Report highlights barriers for people experiencing homelessness to access ID

On any given night last year, more than 650,000 people in the U.S. experienced homelessness, according to government data.

People trying to break that cycle are often faced with roadblocks because they lack a government-issued ID card.

Now a new report from the U.S. Government Accountability Office (GAO) is shedding light on these barriers and points to resources to help.

People experiencing homelessness often need an ID to get stable housing, financial assistance, or a job.

But the report says they often don’t have a safe place to store important documents that may be required to get an ID.

That can lead to lost or stolen records that are difficult for people without stable housing to replace.

“You need an ID to get an ID so there’s a catch 22, or there’s a cost to replacing an ID and you don’t have the money, or it requires accessing technology you don’t have access to,” said Alicia Puente Cackley, a Director in GAO’s Financial Markets and Community Investment team. “Once it’s gone, it’s very hard to replace.”

The report highlights local and federal resources to help.

That includes programs to help unhoused teens get copies of their Social Security cards and birth certificates.

It also says some programs work with Departments of Motor Vehicles to make appointments specifically to help people experiencing homelessness in need of an ID.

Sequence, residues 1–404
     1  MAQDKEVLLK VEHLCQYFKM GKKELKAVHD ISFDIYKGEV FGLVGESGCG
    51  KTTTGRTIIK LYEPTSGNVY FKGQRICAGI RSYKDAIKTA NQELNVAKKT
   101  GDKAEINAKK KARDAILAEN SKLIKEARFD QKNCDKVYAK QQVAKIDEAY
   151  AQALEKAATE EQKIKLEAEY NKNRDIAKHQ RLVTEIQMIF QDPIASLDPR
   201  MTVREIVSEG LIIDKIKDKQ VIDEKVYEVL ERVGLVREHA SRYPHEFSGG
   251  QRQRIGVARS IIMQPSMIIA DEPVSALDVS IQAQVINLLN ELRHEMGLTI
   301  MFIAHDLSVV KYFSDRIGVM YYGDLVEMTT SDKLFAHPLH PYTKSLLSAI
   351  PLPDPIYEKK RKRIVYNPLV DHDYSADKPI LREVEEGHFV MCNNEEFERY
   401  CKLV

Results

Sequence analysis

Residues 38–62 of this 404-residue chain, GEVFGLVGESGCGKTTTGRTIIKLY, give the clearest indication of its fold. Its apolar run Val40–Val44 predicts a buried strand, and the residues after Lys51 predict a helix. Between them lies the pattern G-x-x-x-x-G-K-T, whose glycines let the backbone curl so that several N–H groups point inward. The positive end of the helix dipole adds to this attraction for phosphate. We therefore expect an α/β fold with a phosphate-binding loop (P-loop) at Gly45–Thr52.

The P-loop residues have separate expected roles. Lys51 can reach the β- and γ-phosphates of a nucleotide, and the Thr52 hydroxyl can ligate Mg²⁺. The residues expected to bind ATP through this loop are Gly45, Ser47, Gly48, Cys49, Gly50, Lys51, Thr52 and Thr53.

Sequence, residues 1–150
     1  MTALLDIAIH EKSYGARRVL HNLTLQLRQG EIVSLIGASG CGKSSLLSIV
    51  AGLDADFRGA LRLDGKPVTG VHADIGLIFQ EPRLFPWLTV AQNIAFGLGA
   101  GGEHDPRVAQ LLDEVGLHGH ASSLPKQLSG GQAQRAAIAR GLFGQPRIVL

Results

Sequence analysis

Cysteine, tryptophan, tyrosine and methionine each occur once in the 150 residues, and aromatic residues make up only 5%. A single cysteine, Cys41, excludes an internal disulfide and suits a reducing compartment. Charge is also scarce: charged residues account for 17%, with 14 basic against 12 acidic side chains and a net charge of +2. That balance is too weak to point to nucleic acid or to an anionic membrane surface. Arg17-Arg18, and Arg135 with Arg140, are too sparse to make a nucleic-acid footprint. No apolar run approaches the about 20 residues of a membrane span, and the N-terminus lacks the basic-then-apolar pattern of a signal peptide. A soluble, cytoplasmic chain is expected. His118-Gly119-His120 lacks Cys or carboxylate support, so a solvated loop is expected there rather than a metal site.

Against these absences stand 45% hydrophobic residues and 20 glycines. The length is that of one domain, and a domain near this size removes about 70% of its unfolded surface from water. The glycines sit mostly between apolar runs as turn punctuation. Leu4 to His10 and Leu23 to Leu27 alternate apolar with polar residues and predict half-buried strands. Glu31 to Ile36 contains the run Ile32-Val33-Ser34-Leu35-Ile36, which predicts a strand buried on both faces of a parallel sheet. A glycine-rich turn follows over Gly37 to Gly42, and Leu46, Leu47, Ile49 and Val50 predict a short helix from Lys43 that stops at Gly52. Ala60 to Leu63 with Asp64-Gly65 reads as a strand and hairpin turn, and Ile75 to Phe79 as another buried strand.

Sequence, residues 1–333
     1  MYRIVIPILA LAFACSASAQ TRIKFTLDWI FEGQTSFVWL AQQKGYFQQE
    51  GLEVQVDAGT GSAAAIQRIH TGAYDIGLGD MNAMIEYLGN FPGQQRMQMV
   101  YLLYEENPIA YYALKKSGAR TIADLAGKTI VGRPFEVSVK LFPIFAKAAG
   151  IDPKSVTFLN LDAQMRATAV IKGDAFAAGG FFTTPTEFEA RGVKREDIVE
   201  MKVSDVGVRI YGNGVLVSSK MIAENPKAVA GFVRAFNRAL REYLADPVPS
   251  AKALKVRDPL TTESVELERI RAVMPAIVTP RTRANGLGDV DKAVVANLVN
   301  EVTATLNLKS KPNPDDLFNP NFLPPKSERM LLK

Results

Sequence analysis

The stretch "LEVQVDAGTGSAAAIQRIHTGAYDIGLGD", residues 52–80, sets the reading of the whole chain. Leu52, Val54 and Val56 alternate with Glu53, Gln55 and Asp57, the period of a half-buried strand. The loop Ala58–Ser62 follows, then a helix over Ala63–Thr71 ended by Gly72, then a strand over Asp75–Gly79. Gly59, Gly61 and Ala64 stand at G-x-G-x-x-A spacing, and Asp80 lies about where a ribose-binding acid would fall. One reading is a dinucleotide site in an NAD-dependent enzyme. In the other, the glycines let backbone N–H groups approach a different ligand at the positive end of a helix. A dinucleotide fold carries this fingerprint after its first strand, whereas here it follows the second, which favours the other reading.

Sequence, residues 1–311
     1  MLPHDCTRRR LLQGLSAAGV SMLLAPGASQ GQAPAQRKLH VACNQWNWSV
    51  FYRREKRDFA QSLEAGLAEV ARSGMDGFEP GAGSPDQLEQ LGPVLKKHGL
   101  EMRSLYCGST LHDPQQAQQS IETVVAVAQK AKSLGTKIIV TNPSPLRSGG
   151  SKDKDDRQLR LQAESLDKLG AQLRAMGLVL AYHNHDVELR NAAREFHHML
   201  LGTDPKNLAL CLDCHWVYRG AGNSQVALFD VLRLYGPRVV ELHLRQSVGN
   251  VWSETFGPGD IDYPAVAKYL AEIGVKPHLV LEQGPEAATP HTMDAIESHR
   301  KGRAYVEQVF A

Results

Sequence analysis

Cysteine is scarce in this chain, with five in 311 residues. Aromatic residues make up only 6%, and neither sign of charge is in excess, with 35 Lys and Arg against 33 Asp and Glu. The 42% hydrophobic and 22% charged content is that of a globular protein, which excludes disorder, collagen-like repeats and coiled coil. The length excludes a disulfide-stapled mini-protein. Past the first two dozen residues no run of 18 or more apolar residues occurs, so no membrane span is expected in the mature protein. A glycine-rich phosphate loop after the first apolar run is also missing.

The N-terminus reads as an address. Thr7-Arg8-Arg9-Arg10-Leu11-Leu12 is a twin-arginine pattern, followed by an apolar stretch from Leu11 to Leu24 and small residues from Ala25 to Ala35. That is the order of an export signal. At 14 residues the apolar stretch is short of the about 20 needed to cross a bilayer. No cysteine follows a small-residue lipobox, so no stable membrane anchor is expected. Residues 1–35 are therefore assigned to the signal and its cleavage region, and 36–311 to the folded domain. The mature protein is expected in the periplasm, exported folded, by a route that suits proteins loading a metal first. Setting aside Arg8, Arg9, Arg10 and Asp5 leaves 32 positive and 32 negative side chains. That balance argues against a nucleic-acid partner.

We spoke with Steve Berg, Chief Policy Officer for the National Alliance to End Homelessness, who said public awareness is key.

“One of the things a program like this has to do is they have to do outreach,” said Berg. “They have to go to where the homeless people are.”

Berg explains people of all ages and different backgrounds experience homelessness in the U.S.

“It affects all kinds of people,” said Berg. “People with disabilities. That’s a very common thing. The racial disparities are very pronounced… Older people are a very fast-growing demographic of people experiencing homelessness.”

Berg said many people experiencing homelessness are also working.

“They’re working eight hours a day and they come home to a homeless shelter or to a tent somewhere because the jobs don’t pay enough to be able to afford housing,” said Berg. “That’s been a problem for a long time, but it’s particularly severe right now.”

This is a developing story. Check back for updates as more information becomes available.

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